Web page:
In conclusion, although rates of capture and inflection points may change significantly from year to year, the onset and duration of native wood wasp flight do not differ significantly. We find native wood wasps in the Southeast emerging much later than S. noctilio in other parts of North America and believe this is an indication that the 2 species will not overlap during flight or development within host trees. Although they may overwinter in the same hosts, their developmental stages during this time are likely to be different. We also note the presence of common beetle species and natural enemies that may hinder S. noctilio survival, emergence, and establishment. Investigation into this interspecific competition among native and non-native wood wasps is currently underway.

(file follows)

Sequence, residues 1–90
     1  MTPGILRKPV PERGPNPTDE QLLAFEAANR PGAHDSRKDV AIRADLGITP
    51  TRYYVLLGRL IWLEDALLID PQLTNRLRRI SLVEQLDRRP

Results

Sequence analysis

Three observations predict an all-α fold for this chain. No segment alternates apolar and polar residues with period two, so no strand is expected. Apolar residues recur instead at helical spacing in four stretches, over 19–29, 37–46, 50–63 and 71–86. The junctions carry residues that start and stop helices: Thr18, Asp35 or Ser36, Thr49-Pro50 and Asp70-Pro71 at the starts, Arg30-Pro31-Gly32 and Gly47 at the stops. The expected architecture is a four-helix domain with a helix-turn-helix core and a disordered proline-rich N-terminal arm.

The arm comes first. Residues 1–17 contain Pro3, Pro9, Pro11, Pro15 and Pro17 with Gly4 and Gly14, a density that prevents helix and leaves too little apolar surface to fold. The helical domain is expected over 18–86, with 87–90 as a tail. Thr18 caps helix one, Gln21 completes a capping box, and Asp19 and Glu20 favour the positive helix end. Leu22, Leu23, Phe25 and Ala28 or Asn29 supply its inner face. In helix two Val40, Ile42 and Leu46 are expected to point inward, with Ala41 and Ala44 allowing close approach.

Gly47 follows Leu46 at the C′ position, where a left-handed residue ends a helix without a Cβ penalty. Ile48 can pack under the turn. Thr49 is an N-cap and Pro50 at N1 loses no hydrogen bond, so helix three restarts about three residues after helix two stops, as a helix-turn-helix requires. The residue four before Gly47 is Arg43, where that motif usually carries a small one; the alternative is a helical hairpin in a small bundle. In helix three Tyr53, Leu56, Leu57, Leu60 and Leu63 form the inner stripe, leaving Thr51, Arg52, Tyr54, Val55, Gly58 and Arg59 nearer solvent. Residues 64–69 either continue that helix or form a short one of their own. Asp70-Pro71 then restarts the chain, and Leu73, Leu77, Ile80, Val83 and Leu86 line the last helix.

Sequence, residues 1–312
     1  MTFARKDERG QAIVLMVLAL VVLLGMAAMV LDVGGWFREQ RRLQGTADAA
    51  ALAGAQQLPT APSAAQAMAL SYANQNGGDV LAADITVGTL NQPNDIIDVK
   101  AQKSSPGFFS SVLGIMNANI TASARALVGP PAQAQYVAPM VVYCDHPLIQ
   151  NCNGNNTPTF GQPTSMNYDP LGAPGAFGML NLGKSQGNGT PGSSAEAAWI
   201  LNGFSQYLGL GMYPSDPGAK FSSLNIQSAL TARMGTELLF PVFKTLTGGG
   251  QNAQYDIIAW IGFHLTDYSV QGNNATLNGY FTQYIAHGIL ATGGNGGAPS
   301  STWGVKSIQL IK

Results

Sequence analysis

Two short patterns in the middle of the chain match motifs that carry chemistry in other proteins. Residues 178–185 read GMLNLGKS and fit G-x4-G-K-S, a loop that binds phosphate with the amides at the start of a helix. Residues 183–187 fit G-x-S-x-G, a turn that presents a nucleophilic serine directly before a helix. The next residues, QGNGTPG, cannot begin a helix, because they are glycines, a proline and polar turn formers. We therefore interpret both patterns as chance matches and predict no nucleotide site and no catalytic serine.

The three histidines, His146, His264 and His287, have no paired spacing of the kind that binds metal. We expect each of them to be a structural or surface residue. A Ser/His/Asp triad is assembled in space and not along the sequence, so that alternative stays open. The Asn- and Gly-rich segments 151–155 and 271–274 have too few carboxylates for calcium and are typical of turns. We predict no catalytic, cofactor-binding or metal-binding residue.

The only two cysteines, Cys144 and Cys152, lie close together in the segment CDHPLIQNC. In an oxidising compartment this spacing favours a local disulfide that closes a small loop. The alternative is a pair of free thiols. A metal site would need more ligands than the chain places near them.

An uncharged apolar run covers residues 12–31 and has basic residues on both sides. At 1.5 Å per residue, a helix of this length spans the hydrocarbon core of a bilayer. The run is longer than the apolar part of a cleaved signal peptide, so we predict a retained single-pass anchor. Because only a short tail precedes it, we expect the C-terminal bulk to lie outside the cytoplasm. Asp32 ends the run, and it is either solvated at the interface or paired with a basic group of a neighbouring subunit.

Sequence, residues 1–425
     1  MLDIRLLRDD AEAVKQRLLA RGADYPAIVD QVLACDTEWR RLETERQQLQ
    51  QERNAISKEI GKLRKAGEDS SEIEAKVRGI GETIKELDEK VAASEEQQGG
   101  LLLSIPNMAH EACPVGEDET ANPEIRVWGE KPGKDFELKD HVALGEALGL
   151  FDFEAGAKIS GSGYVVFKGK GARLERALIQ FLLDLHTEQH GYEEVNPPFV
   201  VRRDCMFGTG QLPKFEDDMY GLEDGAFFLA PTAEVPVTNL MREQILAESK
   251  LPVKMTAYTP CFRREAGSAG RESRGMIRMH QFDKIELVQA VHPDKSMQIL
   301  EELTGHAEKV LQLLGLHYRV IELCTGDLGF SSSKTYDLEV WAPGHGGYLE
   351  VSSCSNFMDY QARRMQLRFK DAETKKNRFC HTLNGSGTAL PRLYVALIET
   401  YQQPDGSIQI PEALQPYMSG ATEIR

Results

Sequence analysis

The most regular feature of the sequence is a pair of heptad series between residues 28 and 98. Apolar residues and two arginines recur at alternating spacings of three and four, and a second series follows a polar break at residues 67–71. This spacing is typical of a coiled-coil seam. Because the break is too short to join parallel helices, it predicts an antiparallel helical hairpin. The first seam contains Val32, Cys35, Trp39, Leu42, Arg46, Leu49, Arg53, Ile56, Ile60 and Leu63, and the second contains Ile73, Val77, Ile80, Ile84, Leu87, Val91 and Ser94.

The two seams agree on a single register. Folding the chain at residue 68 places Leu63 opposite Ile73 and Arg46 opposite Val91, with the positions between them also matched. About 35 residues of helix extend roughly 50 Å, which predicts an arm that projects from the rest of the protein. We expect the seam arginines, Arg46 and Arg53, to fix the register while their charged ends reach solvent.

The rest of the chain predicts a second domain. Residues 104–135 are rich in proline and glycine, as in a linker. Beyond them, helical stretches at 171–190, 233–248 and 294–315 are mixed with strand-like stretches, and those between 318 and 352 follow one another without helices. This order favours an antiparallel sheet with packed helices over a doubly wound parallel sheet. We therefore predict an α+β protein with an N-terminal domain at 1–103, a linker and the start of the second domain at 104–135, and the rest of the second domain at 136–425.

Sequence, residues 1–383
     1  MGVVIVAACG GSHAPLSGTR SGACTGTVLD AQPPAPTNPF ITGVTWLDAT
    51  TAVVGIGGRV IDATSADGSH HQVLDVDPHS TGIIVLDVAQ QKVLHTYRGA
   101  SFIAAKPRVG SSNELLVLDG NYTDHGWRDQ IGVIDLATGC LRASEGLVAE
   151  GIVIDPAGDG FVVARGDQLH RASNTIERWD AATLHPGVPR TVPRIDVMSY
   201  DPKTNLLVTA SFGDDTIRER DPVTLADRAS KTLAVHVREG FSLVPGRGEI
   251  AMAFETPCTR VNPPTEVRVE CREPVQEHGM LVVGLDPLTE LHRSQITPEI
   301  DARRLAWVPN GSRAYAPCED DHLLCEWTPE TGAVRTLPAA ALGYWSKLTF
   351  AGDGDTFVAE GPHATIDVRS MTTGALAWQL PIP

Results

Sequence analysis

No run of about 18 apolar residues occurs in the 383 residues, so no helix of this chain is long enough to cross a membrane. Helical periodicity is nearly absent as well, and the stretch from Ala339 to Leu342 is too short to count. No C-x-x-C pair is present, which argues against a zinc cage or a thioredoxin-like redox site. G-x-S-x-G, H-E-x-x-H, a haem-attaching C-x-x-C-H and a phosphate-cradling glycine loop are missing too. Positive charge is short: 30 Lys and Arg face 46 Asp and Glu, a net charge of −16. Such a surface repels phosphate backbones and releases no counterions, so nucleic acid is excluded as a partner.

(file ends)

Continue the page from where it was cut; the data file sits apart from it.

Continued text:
This study was supported in part by the University of Arkansas, Agricultural Experiment Station, and grants from the USDA Forest Service, Forest Health Management, and Southern Research Station. We are grateful to personnel on the Ozark and Ouachita National Forests, Rick Stagg of Crossett Experimental Forest, and Connor Fristoe of Plum Creek Timber Company for permission to trap wood wasps and collect data on their land. We thank Ace Lynn-Miller, David Coyle, Laurel Haavik, and Kevin Dodds for their advice and review of earlier drafts of the manuscript. We also thank David Dalzotto, Boone Hardy, Jim Meeker, and Wood Johnson for advice and assisting with data collection and sample processing. Andy Mauromoustakos provided statistical advice.